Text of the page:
*2. I think this is an interesting point. If we believe in hedonic adaptation, then we would expect the results of cash transfer RCTs to be much higher than the results over 14 or 40 years like in the two datasets you use in your paper. So the fact that the implied impacts seem to be very similar seems to be (very weak) evidence against adaptation in this context? Am I right in thinking that the results in your two sets of regression implicitly factor in adaptation, since those countries became wealthier slowly? If so, I think we should be comfortable applying the results with 14-40 years (gallup-wvs/evs) of adaptation factored in, to an estimate that looks at benefits spanning from 1-40 years for Ethiopia?*

Response: I don’t agree that the results are similar in size between the RCTs and long-run trend analysis in Easterlin and O’Connor. It takes 71 years of one percent additional GDPpc growth to increase life satisfaction by 0.142 points, over which time there were 32 income doublings. 0.142 points for 32 income doublings is 0.142/32 = 0.004 points per doubling.

However, you are right that the trend analysis does allow for adaptation. We explain why the relationship is smaller in trend analysis than in cross-sectional relations, and this logic could be extended to short run gains. Briefly, in the short run, your reference point hasn’t changed, while it does in the long run. The reference point is set by both your past experience (adaptation) and peers (comparison).

To look at Ethiopia using my results, you should look at interventions that increase growth, e.g., education, innovation, capital investment, trade… I wouldn’t use your conversion as it add confusion, hence our disagreement.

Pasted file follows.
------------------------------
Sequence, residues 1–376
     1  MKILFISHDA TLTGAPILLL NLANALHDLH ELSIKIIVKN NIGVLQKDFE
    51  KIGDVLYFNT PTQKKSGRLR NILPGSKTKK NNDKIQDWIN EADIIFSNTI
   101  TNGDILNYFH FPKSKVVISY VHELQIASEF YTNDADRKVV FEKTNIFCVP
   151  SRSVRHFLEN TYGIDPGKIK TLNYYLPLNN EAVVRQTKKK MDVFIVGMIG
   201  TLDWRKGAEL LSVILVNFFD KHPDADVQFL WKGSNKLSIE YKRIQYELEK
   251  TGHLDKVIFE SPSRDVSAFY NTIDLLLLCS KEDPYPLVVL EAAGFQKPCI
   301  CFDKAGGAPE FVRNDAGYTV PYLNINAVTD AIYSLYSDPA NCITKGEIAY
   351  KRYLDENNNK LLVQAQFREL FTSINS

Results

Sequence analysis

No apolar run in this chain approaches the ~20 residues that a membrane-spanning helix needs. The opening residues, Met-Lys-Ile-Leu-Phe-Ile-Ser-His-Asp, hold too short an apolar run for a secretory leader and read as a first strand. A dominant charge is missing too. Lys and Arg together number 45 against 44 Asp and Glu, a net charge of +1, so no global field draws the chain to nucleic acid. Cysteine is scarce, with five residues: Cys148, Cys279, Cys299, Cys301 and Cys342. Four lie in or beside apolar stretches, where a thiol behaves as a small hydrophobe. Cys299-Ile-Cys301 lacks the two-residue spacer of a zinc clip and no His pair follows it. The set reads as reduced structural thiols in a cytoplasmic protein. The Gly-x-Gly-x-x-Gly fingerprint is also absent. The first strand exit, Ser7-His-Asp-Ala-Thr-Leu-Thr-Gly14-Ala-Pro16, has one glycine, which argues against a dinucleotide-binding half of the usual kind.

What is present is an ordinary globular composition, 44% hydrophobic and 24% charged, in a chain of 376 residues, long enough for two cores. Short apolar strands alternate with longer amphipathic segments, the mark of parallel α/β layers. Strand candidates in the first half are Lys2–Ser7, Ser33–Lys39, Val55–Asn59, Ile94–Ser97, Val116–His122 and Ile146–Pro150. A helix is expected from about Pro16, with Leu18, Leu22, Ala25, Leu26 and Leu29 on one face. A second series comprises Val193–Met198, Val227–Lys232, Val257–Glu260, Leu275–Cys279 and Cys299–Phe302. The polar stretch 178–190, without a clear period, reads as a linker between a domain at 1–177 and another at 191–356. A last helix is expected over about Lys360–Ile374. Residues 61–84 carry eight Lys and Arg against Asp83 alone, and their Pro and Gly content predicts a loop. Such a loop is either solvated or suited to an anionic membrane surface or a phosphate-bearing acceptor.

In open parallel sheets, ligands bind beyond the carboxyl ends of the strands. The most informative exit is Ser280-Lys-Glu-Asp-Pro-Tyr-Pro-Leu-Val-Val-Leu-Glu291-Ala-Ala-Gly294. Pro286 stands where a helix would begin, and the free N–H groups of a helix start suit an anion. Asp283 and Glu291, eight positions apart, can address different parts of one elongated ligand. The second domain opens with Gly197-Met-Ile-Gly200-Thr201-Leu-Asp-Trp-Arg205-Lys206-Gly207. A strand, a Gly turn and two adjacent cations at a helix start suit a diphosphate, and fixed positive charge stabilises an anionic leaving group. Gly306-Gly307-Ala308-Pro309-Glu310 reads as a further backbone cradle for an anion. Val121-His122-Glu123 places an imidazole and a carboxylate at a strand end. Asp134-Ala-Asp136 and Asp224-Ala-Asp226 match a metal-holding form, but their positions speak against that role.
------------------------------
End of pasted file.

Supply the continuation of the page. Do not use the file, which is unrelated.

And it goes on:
The results of RCTs can be evaluated as they are currently, but we should not assume the results last or scale to the full population. We need longer-term (than the typical) studies of interventions to assess the long-run impacts, and to assess at the population level, there’s a whole science developing on scaling interventions.

*3. But those coefficients seem to be close to what we would expect from the cross-sectional data? If that is the case, are you suggesting that even if the Easterlin paradox turned out to not hold, we would not update towards thinking more of economic growth? That would imply that a low income country could increase their life satisfaction from around 4 to around 6 if they could figure out a way to enable the kind of catch-up growth that some East-Asian countries have managed.*

Response: I don’t agree that the results are similar in size. See my other response above. There are low-income countries that have similar subjective well-being as high income countries. The Latin American countries, especially Costa Rica, seem to have figured it out. The primary explanation for their success is in their focus on social relations (including family).